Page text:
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EzraNotes:BackdropForTransformation

Posted by Lorraine Serra on October 7, 2010 at 6:39 AM

I hope you have been reading Ezra in preparation for our indepth study of Haggai.  Of course, the history of Israel and how they ended up as exiles is told throughout the books of Kings and Chronicles.   Exciting stuff.  Good kings, horrible kings. A divided kingdom.  Compelling, intriguing, shocking,  and in all, God's hand is sovereign. 


But, did you realize it was all part of a prophecy foretold by Jeremiah as he began his ministry to some of the good and bad kings in about 626Bc?   Yep, roughly 40 years before King Nebuchadnezer of Babylon invaded Jerusalem and took her king, queen, and most people away into captivity in 586BC, Jeremiah was issuing some stern warnings about devastation and destruction ahead for this stubborn, rebellious nation.


 In fulfilling the prophecy of Jeremiah,(Jer.29:10),  God brought an end to the monarchy as Jerusalem was taken into captivity for a period of 70 years to Babylon,

 which eventually came under the rule of Persia.  The empire of Persia included Media, Babylonia, Chaldea and Persia and was founded by King Cyrus in 536BC.


So, here we are reading Ezra who begins his part of the history of Israel telling how Persian King Cyrus, 100 years after Jeremiah's ministry began, got the ball rolling for the Jews to get back home again.  Why should we care?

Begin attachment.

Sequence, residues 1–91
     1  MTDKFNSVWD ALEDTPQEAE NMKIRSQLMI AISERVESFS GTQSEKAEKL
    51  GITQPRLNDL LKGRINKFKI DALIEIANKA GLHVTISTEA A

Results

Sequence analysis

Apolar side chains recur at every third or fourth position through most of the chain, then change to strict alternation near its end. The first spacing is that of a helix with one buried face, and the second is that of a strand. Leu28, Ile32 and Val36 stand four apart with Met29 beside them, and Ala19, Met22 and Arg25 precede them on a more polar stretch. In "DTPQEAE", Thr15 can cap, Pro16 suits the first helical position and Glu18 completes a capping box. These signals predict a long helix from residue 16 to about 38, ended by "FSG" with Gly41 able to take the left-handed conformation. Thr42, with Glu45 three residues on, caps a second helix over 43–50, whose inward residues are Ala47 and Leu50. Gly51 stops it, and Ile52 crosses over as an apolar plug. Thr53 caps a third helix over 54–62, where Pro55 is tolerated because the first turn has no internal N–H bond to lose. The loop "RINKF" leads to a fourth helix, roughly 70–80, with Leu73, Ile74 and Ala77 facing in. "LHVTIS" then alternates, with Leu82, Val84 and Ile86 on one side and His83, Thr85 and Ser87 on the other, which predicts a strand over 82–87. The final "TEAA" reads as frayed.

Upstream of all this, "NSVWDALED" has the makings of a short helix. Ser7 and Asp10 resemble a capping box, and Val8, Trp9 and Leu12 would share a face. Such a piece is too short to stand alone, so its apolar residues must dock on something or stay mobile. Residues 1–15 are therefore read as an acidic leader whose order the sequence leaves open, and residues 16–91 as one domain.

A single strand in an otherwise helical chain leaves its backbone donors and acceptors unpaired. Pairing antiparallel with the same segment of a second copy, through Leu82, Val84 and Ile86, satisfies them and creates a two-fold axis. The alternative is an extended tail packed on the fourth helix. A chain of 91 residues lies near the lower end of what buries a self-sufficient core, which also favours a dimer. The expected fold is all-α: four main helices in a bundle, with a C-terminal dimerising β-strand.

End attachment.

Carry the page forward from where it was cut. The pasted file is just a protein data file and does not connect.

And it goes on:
Well, did you wonder how it came to be that this great pagan Persian King Cyrus in chapter 1 of Ezra would suddenly obey the "stirrings of the Lord" and decree that the remnant of Jews, who had laid the foundations for the first temple in Jerusalem, should now gather up their belongings and head back home to rebuild it?     I did, so I nosed around a bit.


Now, we know that the heart of the king is in the hand of the Lord,(Prov. 21:1)  and taking a peek at  Isaiah 45:1-5 should really make your head spin.


Here is why:    Isaiah wrote about Cyrus in about 700BC, more than 150 years before Cyrus reigned over Babylon and the Jews held captive there.  Cyrus wasn't even born yet.


Now, check out this interesting bit of history I found in my research.  First, Cyrus was an eminent king in antiquity.

He is mentioned in the works of many historians of the time.


Second, the historian Josephus makes note that Cyrus had a partiality to the Jews because somebody along the way showed him the ancient Isaiah text where his name is mentioned.


Scholars believe most probably, that person was Daniel, whom as we know, was carried off to Babylon, and through his devotion and dedication to the Lord God, proved God protects His own, even delivering Daniel out of the mouths of jealous men and vicious lions in a den of death. (Daniel 6:23-25)

 

Daniel risked death to honor God through obedience, and God's name was elevated to a high position throughout

the kingdom by King Darius, the Mede, who later ruled alongside of Cyrus, the Persian king. Isn't that cool!  God is so awesome!


 Wow!  The stage was set. 

The pagan kings witnessed the power and

majesty of God through the fearless obedience of his servants during captivity. (Don't forget Shadrach,

Meshach and Abednego, Daniel 3:25)


God set the stage, more than a hundred years earlier, for the Jews to return to their homeland after living